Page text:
Operation Compass: The Aussies Capture Tobruk
In December 1940, the British launched Operation Compass against the Italians in the Western Desert. What started as a spoiling attack transformed into a full fledged offensive once the Italians started surrendering en masse around Sidi Barrani, Egypt. On 5 January, 1941 and to much acclaim, the 6th Australian Division broke through the Italians making a stand at Bardia in Libya and raced towards the big prize in the Western Desert: the city of Tobruk. The Western Desert Campaign was a three year see saw struggle where success was based almost entirely on the supply situations of the respective sides. And there was no more important city logistically in the area than Tobruk.
Tobruk was the mid-way point on the coastal highway between the two gateways to the Western Desert, El Agheila in the west and El Alamein in the east. It also has a deep water harbor that allowed an occupier to receive vast quantities of supplies that would otherwise have to be trucked hundreds of miles overland. Finally it was at the base of the “Cyrenaican Hump” and forces there could be used to cut off anyone at Benghazi or Derna. The advantages of Tobruk were not lost on the Italians and they turned it into a fortress.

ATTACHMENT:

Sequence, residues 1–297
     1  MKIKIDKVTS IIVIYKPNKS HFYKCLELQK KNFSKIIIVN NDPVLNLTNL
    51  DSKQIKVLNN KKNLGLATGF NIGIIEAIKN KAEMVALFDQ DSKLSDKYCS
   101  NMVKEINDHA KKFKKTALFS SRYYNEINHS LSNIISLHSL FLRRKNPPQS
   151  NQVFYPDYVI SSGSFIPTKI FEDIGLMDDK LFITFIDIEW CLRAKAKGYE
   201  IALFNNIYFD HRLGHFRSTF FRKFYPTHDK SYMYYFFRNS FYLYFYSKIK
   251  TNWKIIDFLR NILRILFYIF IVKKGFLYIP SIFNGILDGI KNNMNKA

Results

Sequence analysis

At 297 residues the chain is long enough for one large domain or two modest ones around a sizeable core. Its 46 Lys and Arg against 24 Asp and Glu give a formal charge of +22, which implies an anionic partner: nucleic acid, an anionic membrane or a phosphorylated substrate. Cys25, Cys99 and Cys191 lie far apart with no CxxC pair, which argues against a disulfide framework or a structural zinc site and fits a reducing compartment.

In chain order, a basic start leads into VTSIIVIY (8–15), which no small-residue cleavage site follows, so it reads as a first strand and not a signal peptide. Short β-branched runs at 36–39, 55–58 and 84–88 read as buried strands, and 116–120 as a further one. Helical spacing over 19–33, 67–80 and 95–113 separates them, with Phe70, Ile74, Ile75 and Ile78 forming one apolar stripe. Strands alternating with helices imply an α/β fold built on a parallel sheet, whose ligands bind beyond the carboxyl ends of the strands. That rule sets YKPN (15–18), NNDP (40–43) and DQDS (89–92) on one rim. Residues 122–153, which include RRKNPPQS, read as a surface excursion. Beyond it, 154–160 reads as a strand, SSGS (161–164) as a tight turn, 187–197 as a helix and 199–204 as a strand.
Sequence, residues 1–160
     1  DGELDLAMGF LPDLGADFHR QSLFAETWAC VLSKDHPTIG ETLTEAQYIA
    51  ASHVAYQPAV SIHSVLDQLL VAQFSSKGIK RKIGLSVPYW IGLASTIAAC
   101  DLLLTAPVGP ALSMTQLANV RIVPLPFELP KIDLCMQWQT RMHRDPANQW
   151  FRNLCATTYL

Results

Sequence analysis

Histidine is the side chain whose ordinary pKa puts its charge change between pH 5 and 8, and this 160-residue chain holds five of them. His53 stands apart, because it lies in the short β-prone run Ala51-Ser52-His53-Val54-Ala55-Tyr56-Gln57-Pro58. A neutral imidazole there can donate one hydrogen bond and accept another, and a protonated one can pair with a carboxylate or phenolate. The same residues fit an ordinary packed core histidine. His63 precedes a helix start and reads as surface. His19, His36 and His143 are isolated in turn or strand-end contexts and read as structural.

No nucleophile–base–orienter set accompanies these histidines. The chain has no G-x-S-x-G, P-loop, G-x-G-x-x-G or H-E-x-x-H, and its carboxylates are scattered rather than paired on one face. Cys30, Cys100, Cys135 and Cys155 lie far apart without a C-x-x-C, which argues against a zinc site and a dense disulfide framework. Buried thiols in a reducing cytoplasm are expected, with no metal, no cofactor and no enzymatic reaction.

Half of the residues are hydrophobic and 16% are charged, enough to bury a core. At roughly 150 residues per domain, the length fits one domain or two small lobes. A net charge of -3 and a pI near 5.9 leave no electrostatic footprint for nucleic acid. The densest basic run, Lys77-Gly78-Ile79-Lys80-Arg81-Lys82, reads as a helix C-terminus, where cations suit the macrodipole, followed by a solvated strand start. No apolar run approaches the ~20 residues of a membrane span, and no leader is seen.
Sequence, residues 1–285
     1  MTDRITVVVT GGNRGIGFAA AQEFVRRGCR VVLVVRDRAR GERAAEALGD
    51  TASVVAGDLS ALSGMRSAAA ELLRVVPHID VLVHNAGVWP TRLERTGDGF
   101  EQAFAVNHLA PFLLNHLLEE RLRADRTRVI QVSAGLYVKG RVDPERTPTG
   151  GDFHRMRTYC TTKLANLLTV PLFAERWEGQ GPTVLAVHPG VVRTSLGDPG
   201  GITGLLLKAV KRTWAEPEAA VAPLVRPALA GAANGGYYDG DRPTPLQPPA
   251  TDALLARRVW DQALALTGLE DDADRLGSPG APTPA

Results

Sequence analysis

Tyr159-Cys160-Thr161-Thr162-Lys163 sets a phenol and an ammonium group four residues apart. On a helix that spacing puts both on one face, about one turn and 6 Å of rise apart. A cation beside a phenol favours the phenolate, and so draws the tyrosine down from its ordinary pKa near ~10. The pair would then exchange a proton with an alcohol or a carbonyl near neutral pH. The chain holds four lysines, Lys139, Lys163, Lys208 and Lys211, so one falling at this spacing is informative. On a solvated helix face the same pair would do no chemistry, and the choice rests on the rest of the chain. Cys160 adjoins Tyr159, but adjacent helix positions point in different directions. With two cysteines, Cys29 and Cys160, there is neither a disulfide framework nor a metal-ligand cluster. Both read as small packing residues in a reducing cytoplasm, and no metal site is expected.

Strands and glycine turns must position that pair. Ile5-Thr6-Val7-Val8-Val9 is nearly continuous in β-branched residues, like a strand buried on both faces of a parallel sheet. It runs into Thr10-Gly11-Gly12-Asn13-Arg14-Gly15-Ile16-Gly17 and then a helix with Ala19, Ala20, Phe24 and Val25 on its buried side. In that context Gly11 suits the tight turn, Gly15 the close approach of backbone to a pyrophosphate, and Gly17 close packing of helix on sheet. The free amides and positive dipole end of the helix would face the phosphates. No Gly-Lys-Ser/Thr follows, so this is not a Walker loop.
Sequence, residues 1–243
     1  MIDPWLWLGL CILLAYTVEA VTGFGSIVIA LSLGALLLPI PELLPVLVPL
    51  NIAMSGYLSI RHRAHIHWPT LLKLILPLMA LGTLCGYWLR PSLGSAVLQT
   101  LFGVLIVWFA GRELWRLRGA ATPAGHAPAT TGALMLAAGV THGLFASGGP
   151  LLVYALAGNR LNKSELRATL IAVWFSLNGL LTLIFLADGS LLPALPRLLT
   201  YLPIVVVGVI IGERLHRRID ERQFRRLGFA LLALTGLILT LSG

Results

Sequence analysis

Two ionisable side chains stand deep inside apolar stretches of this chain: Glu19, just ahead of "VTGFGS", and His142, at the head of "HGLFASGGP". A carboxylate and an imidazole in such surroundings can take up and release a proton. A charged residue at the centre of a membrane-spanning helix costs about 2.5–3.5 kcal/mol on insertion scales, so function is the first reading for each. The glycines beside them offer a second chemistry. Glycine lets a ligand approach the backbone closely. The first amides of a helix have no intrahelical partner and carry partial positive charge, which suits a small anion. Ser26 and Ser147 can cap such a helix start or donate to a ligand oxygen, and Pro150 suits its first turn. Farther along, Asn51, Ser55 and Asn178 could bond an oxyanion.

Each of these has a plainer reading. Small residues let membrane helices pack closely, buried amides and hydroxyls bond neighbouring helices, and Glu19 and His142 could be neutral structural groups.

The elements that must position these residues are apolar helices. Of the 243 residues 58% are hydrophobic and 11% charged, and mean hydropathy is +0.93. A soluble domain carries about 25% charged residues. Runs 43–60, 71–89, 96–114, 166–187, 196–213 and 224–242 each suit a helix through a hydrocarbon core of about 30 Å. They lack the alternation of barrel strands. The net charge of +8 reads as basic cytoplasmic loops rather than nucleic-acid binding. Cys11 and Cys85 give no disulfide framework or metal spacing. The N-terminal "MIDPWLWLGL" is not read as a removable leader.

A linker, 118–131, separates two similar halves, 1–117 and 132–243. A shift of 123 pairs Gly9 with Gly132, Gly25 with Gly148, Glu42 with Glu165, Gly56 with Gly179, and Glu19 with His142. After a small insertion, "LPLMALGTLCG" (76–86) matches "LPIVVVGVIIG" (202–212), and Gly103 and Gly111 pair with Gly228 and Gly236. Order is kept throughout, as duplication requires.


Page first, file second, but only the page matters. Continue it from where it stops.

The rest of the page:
On 21 January, the Australians cleared paths through the wire and minefields outside Tobruk for 18 British Matilda tanks and several captured Italian tanks. Once inside the city, the tanks with the supporting Australian infantry were unstoppable. Lacking any effective anti tank weapons, the defenders surrendered in droves. The Australians took 25,000 prisoners, and forced the Italians to abandon all of Cyrenacia. For the rest of January and into February, the race was on: Could the British capture Libya faster than the Italians could abandon it? If they could Tunisia laid defenseless and the campaign in North Africa would be over.
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